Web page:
Terrible, terrible news: East Hampton's 2,900 non-resident beach parking permits have sold out completely in record time this year, according to The New York Post's Selim Algar. This means that if you're planning to drive to the Hamptons and park your car at the beach and traipse over to it wealthily, luxuriously, without fear of a ticket or being towed, as you have full right to do as a privileged human, your plans have been thwarted mightily and you had best think again. By the time you arrive at the beach having fought for a less-than-handy and still possibly illegal spot to stash your car, sweating under the weight of your diamonds and beach furniture, you might as well just expire or stay in the city. Or take a cab.
The trials of such an existence are enormous, and so, many VIPs who frequent the Hamptons are not happy. Furthering the emotional and psychological wounds inflicted by the difficulty of getting to the beach via one's own personal car: It appears that common celebrities have stolen the parking permits of more traditional Hamptons-going VIPs, and so, while Jeff Gordon, Gwyneth Paltrow, Jimmy Buffett, and even Coldplay drummer Will Champion, who snagged the very last permit as if he deserved it, will all have beach parking spots, others—including congressmen!—will not.
Those non-resident permits went for $325, but the price has not stopped those who did not have the opportunity to buy them from complaining about it. Village Administrator Larry Cantwell has been kept busy with demands for exceptions:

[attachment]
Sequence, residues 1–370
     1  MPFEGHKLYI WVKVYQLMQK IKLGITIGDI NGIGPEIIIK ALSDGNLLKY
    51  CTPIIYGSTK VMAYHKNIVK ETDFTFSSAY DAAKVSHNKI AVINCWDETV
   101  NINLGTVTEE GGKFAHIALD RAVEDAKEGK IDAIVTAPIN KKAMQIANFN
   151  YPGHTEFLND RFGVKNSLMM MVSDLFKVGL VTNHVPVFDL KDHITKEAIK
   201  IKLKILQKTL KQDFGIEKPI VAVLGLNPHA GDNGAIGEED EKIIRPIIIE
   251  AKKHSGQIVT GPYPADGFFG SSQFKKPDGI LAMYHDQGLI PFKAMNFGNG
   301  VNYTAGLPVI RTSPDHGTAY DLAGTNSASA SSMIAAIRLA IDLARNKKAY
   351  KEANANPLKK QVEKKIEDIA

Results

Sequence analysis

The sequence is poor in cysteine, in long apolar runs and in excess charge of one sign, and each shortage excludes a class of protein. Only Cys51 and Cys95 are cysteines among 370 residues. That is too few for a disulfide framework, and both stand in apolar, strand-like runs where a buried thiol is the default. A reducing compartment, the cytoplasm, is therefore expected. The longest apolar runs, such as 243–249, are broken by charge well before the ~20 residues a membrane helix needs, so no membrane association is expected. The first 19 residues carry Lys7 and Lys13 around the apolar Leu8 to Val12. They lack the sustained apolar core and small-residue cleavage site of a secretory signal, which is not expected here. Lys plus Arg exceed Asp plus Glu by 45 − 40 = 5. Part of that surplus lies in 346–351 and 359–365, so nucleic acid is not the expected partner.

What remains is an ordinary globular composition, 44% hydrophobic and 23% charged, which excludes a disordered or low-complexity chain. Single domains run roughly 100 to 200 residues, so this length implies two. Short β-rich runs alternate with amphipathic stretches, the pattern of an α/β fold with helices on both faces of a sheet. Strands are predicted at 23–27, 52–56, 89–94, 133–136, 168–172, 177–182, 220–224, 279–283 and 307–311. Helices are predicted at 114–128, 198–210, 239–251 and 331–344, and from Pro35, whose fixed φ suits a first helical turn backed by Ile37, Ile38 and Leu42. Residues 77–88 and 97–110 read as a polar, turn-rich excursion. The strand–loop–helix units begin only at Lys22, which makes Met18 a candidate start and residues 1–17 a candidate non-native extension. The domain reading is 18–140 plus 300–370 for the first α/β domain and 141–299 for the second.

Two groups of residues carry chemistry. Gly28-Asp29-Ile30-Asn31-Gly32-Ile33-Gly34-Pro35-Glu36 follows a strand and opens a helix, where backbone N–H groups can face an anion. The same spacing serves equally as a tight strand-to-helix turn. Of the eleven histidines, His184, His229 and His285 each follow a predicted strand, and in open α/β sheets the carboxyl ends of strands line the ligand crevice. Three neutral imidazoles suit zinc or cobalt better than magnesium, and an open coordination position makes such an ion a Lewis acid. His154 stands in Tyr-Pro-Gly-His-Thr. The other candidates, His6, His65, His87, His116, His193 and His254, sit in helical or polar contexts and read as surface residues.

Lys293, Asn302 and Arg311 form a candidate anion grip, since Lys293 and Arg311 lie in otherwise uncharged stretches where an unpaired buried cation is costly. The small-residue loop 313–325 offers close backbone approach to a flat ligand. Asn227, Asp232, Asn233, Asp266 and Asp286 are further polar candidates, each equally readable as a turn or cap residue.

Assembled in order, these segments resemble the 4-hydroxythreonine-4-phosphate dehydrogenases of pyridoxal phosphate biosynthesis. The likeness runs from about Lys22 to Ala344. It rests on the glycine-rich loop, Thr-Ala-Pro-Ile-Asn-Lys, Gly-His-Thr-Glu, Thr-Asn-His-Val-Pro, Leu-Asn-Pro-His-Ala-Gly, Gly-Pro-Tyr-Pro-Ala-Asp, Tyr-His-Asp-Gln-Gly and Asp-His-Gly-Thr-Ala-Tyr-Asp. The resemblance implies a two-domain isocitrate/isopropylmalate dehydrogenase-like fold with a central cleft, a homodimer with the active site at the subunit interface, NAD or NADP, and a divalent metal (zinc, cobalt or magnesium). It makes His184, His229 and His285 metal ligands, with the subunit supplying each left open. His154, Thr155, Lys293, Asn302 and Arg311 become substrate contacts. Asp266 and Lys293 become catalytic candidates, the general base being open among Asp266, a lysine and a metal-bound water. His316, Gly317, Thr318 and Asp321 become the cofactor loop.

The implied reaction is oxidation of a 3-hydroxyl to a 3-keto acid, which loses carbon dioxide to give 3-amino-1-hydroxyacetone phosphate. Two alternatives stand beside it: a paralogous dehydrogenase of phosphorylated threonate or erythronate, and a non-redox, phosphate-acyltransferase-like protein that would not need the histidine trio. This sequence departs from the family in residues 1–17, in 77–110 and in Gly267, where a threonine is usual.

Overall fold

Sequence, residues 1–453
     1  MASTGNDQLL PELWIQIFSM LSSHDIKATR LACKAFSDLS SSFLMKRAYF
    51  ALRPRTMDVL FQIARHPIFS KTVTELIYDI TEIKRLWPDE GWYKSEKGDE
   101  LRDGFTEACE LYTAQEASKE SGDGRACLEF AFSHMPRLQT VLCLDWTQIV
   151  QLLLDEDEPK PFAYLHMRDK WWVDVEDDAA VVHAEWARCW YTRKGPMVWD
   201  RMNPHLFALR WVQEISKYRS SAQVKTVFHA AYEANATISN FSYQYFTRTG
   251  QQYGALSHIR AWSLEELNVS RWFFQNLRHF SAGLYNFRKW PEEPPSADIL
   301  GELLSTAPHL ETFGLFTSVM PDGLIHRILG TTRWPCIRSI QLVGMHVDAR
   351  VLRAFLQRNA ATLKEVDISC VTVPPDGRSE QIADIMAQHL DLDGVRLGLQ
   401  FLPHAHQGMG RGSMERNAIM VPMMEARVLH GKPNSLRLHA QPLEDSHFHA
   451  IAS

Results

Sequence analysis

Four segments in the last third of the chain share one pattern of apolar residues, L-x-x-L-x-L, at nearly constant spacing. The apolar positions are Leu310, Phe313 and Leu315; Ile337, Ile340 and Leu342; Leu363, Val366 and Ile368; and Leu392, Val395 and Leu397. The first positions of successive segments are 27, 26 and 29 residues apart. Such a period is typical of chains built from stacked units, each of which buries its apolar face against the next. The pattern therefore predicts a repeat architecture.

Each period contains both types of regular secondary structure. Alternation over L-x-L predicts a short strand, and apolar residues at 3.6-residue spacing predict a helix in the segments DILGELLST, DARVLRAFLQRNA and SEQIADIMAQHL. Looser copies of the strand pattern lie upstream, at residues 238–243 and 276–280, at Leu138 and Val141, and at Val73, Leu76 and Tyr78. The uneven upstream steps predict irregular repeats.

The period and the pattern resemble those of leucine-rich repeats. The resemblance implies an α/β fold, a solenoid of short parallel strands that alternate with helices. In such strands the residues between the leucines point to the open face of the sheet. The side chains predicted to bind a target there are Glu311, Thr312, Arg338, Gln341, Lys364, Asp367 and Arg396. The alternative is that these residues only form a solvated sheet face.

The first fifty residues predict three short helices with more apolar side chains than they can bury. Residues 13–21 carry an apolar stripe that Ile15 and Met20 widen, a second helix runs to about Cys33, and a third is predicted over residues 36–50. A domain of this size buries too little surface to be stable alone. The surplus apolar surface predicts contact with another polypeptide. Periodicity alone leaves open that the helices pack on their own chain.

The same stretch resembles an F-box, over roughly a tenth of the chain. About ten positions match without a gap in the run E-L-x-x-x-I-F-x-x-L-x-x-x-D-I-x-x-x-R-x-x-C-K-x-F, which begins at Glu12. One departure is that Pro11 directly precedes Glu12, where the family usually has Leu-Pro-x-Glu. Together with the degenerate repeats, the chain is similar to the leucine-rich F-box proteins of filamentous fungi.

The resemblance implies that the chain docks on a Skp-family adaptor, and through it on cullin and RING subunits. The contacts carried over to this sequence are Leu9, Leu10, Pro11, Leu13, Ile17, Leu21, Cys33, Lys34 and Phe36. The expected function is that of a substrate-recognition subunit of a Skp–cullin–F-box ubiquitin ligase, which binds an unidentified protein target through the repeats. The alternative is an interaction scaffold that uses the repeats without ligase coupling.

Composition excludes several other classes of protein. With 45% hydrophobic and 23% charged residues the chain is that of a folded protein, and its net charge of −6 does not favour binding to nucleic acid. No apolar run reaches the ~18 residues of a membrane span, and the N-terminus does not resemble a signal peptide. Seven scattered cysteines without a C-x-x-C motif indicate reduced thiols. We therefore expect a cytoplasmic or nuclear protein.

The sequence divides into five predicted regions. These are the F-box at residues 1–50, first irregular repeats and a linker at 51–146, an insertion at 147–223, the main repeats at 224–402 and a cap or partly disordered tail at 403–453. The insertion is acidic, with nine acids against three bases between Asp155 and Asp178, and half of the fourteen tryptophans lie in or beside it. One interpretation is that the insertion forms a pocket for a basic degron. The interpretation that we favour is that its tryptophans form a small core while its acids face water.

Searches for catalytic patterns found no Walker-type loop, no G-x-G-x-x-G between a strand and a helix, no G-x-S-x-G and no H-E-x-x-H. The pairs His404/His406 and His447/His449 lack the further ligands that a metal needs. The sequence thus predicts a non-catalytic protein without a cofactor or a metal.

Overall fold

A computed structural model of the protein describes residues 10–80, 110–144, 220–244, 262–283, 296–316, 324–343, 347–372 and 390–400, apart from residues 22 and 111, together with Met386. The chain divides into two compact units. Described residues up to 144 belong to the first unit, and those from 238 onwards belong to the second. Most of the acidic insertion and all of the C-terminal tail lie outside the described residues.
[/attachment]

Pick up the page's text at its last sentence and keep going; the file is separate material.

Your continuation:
“I’ve gotten calls from everyone you can think of,” Cantwell said. “Congressmen, federal judges, celebrities. They tell me I’m ruining their summer. They tell me they’ll pay whatever we want for them.”
Cantwell is stoical, however, saying this is not about money but control. (Note to anyone considering funny business: Cantwell is onto your forged permit scheme. Don't even try it.) If you happen to be an actual resident of East Hampton, however, you're in luck: You can get a permit for free. The rest of you should probably make alternative plans while you still can to save yourself the impending embarrassment and horror of not having a non-resident parking permit. Hamptons humiliation starts now.
On the upside, does this battle for beach rights mean that the recession is actually, finally, sort of really over?
Image via Shutterstock by Yuri Arcurs.
This article is from the archive of our partner The Wire.
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